The Fattest Leech

Members
  • Content count

    4,222
  • Joined

  • Last visited

About The Fattest Leech

  • Rank
    Forget "lab safety", I want SUPERPOWERS!

Profile Information

  • Gender
    Female
  • Location
    Somewhere between the barstool and the floor.
  • Interests
    Sometimes I wrestle with my demons. Sometimes we just cuddle.

Recent Profile Visitors

10,723 profile views
  1. @divica, courtesy of Lost Melnibonean Here is where a good deal of the discussion about the northern timeline in Dance/Winds begins... http://asoiaf.westeros.org/index.php?/topic/84563-most-precise-asoiaf-timeline-in-existence/&page=17 Here is the current thread... http://asoiaf.westeros.org/index.php?/topic/145244-most-precise-asoiaf-timeline-v3/
  2. True, she did play kissyface with him, after all
  3. This has been discussed over in the general section. I can't find the thread, but the theme was that Jon has to literally kill the boy (Bran) so Jon the man can be "born" to do his great world saving acts in life. I think it was by @TyrionTLannister Let's just say that this idea did not go over very well with many posters , but as George says, his art is not a democracy. Lots of cute people are going to die.
  4. Actually, we don't know if Brandon knew this Aerion story at all, and that is ok because the point of the companion books is for the readers benefit... so we can argue geeky details such as this! The broad strokes to the events in the Hedge Knight can lay out some details for the future/current events in the story. It gives examples of precedent. And George hardly ever (if ever) does a one to one comparison in either his inspiration sources or even in his own work in and out of ASOIAF.
  5. I don't think this is correct and it also isn't how George usually makes his underground humanoids look. Just one example: The creature in the pool of light was small, barely over four feet. Small and sickening. There was something vaguely manlike about it, but the proportions of the limbs were all wrong, and the hands and feet were grotesquely malformed. And the skin, the skin was a sickly, maggoty white. But the face was the worst. Large, all out of proportion to the body, yet the mouth and nose could hardly be seen. The head was all eyes. Two great, immense, grotesque eyes, now safely hidden by lids of dead white skin. Von der Stadt was rock steady, but Ciffonetto shook a bit as he looked at it. Yet he spoke first. “Look,” he said, his voice soft. “In its hand. I think-I think that’s a tool.” Silence. Long, strained silence. Then Ciffonetto spoke again. His voice was hoarse. “I think that’s a man.” Also, the skin patterning and ears of the CotF also doesn't match the requirements for ling time cave dwelling. George does maggot white, not fauna brown. The CotF seem to be their own race for their own reasoning. I am not sure IF George is even doing an evolved race in ASIOAF. As far as hybrid races, maybe this concept just has not been brought up to the in-world people... yet? But I bet "improved model" Val will have something to say about it.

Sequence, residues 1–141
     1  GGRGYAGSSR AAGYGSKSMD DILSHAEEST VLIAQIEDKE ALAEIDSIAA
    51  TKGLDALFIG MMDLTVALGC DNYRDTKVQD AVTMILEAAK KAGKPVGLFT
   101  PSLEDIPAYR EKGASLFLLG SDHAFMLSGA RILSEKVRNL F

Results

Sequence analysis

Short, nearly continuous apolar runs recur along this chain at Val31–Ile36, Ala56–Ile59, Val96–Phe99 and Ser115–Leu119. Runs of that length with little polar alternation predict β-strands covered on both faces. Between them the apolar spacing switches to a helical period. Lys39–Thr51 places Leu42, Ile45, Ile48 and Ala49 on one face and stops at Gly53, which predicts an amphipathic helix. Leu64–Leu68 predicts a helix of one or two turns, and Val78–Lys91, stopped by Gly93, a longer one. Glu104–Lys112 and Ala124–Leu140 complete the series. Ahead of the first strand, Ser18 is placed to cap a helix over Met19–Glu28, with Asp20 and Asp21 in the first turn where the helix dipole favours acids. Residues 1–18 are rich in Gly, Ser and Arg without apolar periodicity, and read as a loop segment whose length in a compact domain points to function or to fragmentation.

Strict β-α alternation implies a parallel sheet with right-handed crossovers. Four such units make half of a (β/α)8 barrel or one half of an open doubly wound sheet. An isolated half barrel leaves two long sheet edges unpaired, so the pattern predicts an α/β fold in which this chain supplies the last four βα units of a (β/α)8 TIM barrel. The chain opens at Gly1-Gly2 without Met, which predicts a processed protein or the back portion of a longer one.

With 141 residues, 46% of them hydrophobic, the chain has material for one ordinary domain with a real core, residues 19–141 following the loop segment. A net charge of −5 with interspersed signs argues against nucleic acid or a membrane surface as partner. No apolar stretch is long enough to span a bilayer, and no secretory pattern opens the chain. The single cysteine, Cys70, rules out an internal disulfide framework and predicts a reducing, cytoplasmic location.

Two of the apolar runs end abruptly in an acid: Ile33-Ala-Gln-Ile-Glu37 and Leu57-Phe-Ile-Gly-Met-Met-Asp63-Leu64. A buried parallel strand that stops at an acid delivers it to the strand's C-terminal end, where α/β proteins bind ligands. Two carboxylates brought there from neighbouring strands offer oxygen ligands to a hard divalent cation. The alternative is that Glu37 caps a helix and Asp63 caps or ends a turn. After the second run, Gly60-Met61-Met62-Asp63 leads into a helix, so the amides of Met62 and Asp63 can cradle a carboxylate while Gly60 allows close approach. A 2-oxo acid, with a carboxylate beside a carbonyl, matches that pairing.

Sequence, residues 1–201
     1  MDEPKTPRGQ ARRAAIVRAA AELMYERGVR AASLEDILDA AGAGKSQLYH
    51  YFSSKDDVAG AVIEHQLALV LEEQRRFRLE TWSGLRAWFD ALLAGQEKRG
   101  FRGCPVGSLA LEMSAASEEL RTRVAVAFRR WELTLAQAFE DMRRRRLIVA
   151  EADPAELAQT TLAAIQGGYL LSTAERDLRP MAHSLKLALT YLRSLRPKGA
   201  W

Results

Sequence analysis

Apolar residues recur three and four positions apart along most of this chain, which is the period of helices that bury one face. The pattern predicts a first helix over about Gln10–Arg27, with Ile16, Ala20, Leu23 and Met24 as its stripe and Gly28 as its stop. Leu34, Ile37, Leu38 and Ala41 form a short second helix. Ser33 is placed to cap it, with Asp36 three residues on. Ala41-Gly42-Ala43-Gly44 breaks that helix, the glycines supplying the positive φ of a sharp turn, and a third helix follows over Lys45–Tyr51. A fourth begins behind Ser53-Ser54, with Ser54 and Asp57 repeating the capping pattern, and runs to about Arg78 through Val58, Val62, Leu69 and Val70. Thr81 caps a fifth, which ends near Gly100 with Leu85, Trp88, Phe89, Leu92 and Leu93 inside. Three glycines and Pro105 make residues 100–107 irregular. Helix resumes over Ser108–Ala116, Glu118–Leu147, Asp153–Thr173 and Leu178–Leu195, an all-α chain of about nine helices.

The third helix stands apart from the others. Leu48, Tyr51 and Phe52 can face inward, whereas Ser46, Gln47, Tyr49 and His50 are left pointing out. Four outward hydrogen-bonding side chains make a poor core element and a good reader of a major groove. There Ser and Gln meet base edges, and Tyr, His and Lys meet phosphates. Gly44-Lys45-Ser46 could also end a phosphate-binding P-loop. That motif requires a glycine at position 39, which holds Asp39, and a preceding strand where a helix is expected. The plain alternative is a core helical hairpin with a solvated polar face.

6. Interesting.! Could be, because even with all of the typical reused tropes in literature, this book shares a huge amount of rather unique scenes with ASOIAF. But I guess it is coincidence Isn't there a phrase that goes, "Nothing is original. Everything has been seen, said, and done."
  7. Oh yes, I did forget the convo's about the Volcryn itself avoiding gravity wells. Thanks! --- “The propulsion system, d’Branin. Don’t you feel? The pulses? They are threatening to rip off the top of my skull. Can’t you guess what is driving your damned volcryn across the galaxy? And why they avoid gravity wells? Can’t you guess how it is moving?” “No,” d’Branin said, but even as he denied it a dawn of comprehension broke across his face, and he looked away from his companion, back at the swelling immensity of the volcryn, its lights moving, its veils a-ripple as it came on and on, across light years, light centuries, across eons. When he looked back at her, he mouthed only a single word: “Teke,” he said. She nodded.
  8. This book is like a Maxfield Parrish painting come to life https://images.search.yahoo.com/yhs/search;_ylt=A0LEVjqe41FZ5WsAgiInnIlQ?p=Maxfield+Parrish&fr=yhs-mozilla-002&fr2=piv-web&hspart=mozilla&hsimp=yhs-002
  9. It's my specialty Have you read anything by the Swann dude? I am thinking of ordering a few more in this series, at least to hold me over as I patiently wait for Winds.
  10. It was once you got in the rhythm with the syrupy sweet prose of it all. There were some dark parts, and some penile parts , but overall for it being a short book, the plot and character development was fairly good. It did take me until about halfway in to get to that level of sucked-in-ness where you did not want to put the book down for any reason... so cereal was for dinner.